In September, DC’s entire line is going to be highjacked by the villains of the universe. The creative teams frankenstiened together from DC’s regular stable of writers and artists, but — with a few exceptions — none of titles look like logical continuations of any of the current series. How’s a body supposed to know what they’re supposed to read? That’s where our four-part guide comes in.
One more day guys: then the Trinity War will be behind us and we can stop pretending that it makes any sense to have three different Justice Leagues. Oh, sure, we all know they’re coming back (in Canada), but in the meantime, here are the enemies of the Leagues (and also some randos that are getting lumped in with the Leagues — presumably for sales reasons). In part three of our guide, we’ll be going over the issues from Justice League, Justice League of America, Justice League Dark and Teen Titans. You can also check out Part I – Batman and Part 2 – Superman and Earth-2
First thing Geoff Johns did in the New 52 was feed us Batman and the Green Lantern — one the standard bearer for DC and the other the superhero personification of Johns’ epic storytelling. They were natural hallmarks for the Creative Director to hit, but the third was Darkseid. Darkseid is the quintessential “let’s all team up to fight this asshole” villain, and were it not for the threat his armies posed, none of the New 52’s mythology would look like it does. We tend to shy away from calling any one issue or series “important” for mythological reasons, but this one is important. For mythological reasons. We’re already excited to see Greg Pak writing a handful of Superman villains, and his experience writing on Batman / Superman shows how well he handles the oddity of parallel worlds. Most of Paulo Siqueria’s credits in the New 52 are for inking and coloring. When he does get to penciling, his pages are full of details, if not always bursting with energy or motion. Between Pak and Siqueria, it almost suggests a quiet, thinkier approach to the mega-baddie.
This isn’t Lobo’s first appearance in the New 52, but after skippable stints in Deathstroke and Stormwatch, it might as well be. Scott Snyder-disciple Marguerite Bennett is on writing duties, and if her work on the Batman Annual 2 is any indication, she might just be able to find the human connection Rob Liefeld and Jim Starlin missed. Ben Oliver’s art has most recently been seen in dialogue with Jae Lee’s in Batman/Superman, where his otherworldly style was used to full effect — literally giving life to another world. Don’t let the muscle-bound bounty-hunter on the cover fool you: this issue might be one of the most artful on the list.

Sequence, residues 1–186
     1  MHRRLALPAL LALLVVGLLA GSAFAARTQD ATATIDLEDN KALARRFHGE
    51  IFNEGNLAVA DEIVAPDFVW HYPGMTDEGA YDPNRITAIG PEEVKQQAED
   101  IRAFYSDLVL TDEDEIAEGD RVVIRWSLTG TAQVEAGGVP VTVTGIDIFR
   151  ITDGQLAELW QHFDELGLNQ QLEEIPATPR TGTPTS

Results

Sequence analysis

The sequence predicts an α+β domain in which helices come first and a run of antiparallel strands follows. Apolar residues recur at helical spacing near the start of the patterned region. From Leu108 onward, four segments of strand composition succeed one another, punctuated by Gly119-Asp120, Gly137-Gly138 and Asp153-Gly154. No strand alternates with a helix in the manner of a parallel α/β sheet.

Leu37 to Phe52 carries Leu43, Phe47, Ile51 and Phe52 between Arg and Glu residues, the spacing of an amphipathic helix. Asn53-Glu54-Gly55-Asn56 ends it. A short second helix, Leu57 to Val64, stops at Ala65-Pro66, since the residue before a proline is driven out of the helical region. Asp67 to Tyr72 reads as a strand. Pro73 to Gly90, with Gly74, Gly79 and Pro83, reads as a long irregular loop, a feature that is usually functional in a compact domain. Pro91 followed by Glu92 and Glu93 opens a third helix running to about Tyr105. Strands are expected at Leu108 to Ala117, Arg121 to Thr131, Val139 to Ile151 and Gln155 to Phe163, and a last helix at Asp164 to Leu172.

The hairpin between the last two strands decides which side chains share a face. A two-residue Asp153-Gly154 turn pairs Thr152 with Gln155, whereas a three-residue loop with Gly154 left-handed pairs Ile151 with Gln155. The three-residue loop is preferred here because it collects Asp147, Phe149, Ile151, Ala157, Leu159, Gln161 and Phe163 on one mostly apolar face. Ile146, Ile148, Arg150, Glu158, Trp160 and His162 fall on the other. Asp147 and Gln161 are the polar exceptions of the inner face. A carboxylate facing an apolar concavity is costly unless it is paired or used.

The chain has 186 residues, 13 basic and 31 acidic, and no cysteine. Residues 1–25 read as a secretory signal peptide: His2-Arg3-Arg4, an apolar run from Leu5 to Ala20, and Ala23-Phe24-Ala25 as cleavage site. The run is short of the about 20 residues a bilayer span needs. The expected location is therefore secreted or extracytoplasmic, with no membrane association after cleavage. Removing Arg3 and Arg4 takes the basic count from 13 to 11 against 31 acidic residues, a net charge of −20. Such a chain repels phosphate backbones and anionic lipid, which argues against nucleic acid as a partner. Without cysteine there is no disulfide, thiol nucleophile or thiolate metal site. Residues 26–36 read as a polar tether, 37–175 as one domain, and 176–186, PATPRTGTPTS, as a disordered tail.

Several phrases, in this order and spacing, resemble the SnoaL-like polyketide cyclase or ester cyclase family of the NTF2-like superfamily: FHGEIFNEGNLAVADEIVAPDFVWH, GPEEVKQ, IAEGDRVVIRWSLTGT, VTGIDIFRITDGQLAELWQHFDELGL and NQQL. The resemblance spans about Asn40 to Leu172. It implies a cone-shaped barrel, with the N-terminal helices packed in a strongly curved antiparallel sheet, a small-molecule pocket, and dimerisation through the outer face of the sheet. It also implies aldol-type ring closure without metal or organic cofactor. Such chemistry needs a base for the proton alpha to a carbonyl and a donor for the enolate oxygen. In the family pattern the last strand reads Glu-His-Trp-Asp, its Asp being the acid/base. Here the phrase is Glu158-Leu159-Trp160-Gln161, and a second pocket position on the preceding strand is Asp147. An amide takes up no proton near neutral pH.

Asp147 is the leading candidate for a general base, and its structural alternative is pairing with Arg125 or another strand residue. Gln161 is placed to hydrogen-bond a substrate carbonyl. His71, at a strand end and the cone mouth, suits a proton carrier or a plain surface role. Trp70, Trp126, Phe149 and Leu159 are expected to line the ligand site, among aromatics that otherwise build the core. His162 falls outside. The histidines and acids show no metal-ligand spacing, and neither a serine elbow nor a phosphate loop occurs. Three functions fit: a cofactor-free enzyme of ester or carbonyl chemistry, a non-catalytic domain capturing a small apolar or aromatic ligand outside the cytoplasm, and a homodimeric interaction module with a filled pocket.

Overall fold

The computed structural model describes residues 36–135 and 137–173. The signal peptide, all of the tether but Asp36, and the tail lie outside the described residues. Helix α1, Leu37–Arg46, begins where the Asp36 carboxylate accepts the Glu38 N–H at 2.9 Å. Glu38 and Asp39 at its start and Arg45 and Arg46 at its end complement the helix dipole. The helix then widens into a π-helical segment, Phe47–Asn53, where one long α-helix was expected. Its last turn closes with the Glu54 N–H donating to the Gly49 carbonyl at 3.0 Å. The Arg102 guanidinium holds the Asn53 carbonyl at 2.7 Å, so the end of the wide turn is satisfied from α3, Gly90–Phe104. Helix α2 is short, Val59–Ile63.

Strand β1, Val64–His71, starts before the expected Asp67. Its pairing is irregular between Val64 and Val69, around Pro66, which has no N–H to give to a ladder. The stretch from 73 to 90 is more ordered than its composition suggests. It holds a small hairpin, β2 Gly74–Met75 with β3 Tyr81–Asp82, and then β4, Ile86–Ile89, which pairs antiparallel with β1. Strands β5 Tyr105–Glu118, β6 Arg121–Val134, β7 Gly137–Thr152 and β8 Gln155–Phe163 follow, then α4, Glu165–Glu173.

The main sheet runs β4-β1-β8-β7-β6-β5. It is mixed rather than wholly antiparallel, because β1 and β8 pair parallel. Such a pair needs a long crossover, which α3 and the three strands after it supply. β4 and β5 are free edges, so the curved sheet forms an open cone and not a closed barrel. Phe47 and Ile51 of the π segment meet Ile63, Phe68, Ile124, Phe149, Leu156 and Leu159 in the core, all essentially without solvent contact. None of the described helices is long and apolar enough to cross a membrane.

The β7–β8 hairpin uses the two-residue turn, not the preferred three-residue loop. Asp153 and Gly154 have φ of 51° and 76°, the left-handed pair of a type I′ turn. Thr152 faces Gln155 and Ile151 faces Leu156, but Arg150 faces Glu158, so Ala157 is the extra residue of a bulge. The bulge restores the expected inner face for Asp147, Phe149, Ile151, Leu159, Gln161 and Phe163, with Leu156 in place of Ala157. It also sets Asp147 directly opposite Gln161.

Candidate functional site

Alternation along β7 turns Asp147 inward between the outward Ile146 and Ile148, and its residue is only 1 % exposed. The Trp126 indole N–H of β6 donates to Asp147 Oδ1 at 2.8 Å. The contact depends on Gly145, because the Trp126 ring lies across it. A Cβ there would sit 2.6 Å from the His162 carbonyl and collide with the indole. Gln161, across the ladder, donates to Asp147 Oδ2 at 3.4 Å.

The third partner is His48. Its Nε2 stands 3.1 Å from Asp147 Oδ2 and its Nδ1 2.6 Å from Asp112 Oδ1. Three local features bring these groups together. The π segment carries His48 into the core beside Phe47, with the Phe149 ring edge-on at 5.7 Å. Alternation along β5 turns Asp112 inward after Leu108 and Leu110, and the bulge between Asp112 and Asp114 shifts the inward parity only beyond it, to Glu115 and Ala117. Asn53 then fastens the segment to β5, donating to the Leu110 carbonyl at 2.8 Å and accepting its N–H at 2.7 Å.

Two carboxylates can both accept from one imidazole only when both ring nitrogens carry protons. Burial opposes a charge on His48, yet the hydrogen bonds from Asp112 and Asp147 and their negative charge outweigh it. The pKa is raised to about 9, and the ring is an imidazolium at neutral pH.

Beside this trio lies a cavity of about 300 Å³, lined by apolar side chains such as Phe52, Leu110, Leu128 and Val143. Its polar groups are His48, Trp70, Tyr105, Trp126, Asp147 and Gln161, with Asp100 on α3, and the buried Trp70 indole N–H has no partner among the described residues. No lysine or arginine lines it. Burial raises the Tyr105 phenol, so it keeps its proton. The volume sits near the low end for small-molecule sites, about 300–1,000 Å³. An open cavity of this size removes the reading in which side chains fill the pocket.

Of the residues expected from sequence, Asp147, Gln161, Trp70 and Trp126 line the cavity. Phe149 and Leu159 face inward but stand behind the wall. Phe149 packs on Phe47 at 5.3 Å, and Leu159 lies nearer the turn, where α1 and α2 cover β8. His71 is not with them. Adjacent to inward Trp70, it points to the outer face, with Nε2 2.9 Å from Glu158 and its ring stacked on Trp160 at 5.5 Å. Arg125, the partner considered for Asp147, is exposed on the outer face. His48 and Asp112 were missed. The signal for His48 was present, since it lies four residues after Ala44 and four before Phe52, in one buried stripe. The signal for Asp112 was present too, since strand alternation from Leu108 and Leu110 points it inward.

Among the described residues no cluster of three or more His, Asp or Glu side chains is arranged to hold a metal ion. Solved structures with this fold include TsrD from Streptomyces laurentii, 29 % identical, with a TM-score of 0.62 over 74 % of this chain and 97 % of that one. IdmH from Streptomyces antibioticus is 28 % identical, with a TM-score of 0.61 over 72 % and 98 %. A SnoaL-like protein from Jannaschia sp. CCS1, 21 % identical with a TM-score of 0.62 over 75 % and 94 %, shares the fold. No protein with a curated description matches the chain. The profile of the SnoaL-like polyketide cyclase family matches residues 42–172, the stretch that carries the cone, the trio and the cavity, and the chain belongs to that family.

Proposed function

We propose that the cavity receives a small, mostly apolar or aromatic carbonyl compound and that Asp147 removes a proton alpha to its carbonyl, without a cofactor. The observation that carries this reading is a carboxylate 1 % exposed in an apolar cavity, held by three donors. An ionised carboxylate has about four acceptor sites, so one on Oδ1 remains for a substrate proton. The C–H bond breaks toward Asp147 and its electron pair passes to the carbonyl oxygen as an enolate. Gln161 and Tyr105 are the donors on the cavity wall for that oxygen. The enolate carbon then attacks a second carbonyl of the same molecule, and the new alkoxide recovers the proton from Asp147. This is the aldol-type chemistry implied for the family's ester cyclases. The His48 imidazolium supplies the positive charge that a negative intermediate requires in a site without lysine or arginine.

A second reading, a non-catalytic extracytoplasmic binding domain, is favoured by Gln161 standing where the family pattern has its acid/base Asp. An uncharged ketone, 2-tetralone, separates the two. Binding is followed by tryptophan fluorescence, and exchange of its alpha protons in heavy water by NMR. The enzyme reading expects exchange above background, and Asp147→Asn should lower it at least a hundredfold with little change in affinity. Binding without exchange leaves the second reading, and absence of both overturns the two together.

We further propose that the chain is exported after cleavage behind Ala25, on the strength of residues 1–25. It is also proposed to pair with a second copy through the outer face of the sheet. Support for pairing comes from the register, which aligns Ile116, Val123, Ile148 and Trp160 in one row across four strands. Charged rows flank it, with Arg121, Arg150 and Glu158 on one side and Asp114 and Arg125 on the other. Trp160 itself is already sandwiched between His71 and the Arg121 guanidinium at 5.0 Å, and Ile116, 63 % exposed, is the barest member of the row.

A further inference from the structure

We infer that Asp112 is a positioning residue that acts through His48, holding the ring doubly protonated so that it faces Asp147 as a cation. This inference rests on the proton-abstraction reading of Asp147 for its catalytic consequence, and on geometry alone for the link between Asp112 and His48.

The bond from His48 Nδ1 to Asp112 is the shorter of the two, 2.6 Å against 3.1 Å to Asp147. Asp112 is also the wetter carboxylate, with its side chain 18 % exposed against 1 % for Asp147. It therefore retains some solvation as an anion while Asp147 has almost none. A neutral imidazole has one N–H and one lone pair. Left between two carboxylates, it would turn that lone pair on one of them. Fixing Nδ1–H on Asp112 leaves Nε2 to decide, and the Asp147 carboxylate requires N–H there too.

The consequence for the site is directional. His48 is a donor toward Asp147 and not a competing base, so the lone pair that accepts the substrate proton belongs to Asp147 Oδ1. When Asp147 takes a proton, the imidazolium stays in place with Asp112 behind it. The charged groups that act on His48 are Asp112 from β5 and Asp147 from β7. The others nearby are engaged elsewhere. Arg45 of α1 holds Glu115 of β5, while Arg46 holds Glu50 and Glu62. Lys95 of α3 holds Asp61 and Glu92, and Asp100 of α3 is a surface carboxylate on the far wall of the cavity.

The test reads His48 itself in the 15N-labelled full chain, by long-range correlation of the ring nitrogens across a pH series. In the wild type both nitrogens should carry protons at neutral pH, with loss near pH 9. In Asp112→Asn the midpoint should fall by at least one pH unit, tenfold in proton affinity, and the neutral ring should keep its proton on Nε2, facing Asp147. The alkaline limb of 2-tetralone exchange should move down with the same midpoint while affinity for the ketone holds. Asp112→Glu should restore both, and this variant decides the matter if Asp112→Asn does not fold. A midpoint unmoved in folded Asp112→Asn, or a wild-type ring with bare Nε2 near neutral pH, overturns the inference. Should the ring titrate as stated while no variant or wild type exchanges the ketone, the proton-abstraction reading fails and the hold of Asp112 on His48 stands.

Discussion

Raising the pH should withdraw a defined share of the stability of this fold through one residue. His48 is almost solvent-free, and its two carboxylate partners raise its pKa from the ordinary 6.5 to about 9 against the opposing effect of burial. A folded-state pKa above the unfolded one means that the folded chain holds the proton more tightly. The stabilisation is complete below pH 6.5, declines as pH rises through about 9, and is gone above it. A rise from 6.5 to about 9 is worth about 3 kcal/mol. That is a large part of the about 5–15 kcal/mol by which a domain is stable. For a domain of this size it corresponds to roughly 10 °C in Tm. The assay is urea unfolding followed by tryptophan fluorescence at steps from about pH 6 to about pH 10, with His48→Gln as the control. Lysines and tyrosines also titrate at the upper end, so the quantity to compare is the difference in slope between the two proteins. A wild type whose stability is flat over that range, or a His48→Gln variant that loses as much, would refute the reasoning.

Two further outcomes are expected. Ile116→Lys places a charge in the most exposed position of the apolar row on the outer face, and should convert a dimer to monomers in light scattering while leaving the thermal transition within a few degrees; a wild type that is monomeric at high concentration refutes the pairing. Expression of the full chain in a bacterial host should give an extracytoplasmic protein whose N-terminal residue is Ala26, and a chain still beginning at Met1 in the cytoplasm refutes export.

Justice League 23.3: Dial E
Written by China Mieville; art by (deep breath) Mateus Santolouco, Jeff Lemire, Jock, Alberto Ponticelli, David Lapham, Riccardo Burchiello, and others
Release date 9/18/13
Dial H fans may still be in mourning over the loss of one of the most unusual series in the New 52, but this issue is going to be one hell of a eulogy. Written by series writer China Mieville, and drawn by twenty artists, this issue promises to deliver all of Dial H’s madcap weirdness and then some. It’s a victory lap for a cult series that doubles as a showcase for some incredible artists — it has something for everybody. We’re particularly excited to see original penciller Mateus Santolouco return to the series, but really, every page of this thing is going to be awesome. Plus, there’s one whole page of art by Jeff Lemire, who’s charmingly tossed-off style is usually reserved for his own stories.
As long as we’re still on Earth-0, shouldn’t we be calling them the “Secret League?” Multiverse jokes aside, there’s a lot we don’t know about these guys yet. Their introductions have been buried among the introduction of an entire Justice League of America. It’s poetic, then, that the writing team behind the first two issues of Justice League of America’s: Vibe should tackle this issue. The Vibe vibe continues on through the artistic team — Manuel Garcia penciled Vibe 4. Rob Hunter is a inker from deep in DC’s stable, it’s interesting to see him credited with the more liberal label of “artist” here. It seems like the Secret Society had orchestrated all of this Pandora’s Box nonsense, so you can look to this issue to be another frustrating lack of answers.
The solicit promises “Deadshot’s secret history,” which is a bit of a strange pitch for a Justice League of America issue. Perhaps it’s better to think of this as Matt Kindt’s opportunity to flex nuts on JLA and Suicide Squad, both of which he begins writing in October. Pasqual Ferry might be best known for his work with Matt Fraction on The Mighty Thor, where his clarity of action and emotion served him well, but he’s relatively unknown in the New 52, so he might have as much to prove as Kindt. That might not be enough to justify retelling Deadshot’s origin, so here’s hoping they come up with an interesting angle.